Photo du jour : Dorchester Square

Boer War Monument

Dorchester Square looking towards the north, as seen last fall. The prominent statue is a monument to Montrealers who fought in the Boer War. Extremely unpopular amongst Francophones, who saw it as an imperialist war that didn’t concern them, Anglophones rallied around it as loyal British subjects.

One comment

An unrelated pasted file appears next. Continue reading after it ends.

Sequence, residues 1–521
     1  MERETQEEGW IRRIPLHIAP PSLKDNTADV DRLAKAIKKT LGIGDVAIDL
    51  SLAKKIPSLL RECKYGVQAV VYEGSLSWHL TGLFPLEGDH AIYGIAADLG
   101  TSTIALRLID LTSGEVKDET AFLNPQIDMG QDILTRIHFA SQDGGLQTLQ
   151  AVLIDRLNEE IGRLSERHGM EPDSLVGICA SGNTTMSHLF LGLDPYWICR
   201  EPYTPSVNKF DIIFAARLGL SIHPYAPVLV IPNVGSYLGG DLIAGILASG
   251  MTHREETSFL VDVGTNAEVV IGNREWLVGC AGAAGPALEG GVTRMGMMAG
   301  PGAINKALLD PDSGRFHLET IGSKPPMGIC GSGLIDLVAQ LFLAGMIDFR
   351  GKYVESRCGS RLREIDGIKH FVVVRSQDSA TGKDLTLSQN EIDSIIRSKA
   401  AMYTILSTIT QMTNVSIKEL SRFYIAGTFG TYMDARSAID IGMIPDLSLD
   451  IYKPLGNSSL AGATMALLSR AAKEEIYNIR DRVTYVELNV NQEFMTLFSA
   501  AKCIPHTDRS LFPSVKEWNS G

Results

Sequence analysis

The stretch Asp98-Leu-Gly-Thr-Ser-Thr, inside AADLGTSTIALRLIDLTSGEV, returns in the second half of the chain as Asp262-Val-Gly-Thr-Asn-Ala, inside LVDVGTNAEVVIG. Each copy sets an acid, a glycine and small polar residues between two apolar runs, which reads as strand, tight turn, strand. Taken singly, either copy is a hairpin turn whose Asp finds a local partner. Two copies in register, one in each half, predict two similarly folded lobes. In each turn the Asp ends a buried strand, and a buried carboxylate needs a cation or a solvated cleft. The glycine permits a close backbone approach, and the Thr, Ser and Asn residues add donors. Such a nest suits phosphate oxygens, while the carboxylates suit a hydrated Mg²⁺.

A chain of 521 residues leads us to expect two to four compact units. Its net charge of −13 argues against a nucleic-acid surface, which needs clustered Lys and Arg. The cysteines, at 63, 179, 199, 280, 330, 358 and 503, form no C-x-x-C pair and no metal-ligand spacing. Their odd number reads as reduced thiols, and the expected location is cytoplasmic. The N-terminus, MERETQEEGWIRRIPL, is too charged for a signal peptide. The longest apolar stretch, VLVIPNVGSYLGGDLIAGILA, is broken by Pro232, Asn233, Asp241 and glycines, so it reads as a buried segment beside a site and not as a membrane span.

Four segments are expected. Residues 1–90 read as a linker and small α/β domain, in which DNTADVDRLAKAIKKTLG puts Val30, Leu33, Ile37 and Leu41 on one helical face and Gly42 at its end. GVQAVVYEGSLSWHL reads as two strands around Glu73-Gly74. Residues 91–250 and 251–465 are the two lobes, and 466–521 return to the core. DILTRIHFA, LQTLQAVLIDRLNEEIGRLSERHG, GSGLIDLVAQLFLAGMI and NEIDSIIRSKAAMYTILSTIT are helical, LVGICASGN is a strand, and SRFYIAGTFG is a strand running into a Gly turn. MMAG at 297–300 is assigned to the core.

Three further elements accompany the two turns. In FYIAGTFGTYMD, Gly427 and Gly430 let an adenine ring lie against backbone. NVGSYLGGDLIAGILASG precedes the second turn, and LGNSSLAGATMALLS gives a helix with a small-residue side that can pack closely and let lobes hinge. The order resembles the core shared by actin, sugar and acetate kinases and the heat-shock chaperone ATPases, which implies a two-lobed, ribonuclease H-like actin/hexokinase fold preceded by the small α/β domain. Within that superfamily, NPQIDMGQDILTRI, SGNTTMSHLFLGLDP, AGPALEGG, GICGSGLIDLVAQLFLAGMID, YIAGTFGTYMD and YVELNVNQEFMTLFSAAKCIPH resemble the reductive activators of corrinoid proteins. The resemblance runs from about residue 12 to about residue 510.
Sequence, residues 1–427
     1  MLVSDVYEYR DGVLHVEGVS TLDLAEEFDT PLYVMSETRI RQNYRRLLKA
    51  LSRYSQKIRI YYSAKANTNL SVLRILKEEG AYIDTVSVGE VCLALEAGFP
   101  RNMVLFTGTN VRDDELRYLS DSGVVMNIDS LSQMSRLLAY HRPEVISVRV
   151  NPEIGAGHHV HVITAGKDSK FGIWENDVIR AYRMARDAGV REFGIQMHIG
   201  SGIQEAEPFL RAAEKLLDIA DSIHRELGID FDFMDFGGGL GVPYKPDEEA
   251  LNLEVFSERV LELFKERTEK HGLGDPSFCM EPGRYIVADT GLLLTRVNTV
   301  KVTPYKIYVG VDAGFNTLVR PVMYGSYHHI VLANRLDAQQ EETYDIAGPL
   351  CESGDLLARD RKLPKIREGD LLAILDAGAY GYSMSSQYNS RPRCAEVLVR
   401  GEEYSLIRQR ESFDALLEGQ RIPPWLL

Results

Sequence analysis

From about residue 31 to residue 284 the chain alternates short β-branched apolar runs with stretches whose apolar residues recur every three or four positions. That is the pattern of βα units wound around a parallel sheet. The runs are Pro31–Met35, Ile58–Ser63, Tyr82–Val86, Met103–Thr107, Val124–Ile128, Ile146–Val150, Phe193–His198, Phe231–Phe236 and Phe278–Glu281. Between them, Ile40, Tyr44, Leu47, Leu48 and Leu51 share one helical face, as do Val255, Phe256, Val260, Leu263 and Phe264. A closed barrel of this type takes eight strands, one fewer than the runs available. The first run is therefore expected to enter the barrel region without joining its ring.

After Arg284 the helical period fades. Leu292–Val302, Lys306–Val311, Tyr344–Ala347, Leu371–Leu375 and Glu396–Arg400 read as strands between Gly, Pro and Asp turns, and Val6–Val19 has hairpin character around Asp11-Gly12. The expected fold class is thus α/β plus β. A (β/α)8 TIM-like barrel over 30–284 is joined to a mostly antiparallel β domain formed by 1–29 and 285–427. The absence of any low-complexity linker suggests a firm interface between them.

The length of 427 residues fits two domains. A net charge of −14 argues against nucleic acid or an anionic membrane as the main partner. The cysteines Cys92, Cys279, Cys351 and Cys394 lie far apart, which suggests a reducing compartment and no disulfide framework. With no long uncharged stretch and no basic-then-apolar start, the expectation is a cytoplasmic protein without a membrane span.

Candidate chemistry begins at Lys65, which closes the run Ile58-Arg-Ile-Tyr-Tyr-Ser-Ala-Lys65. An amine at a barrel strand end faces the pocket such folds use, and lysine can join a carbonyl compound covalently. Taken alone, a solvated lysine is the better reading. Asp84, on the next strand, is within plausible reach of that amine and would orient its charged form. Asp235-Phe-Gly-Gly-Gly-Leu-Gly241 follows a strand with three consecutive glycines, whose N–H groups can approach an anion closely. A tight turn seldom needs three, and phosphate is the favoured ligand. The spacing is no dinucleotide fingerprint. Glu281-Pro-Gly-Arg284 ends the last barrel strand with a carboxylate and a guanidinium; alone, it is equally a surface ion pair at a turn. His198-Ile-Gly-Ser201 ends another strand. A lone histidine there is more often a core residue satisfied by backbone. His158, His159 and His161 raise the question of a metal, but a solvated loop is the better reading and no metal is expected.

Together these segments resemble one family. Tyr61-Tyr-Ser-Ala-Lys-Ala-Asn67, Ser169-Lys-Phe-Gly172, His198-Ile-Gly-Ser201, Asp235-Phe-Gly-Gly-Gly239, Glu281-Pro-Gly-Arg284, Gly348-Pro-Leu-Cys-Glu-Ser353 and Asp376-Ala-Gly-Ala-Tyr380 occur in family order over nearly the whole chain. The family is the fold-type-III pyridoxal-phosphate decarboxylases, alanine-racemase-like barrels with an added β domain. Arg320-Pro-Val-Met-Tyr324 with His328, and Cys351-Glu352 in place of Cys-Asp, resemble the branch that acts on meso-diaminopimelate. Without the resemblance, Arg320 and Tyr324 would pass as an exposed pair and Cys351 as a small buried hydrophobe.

1. FOr many decades in the mid to late 1800s, the English-speaking community formed the majority population of Montreal and as Montreal was a major city in the British Empire, it is not unusual for a monument to be placed that would honour the war. The Boer War was critisized by many at the time. However, the monument was not put up to honour the memory of Montrealers who fought in the war, but as a symbol of loyalty to the empire. I do not believe that there are any names of Montrealers who actually fought in South Africa. Canada’s contingent in the war was only a few thousand. It’s fair to say that French-Canadians did not like the war, but the English-speaking community still constituted a large portion of the city’s residents. Did the English-speaking community protest against monuments raised in other parts of the city by the French-speaking community? Dorchester Square was originally named Dominion Square and it houses several monuments that honour Canada’s relationship with the British Empire. There is also a statue of Robert Burns. Just because French Canadians didn’t appreciate something, did mean then and now that we have to cater to their wishes? If so, then I guess Hispanics in California should know and recognize their place and status and bow to the wishes, demands and philosophies of the non-Hispanic community.

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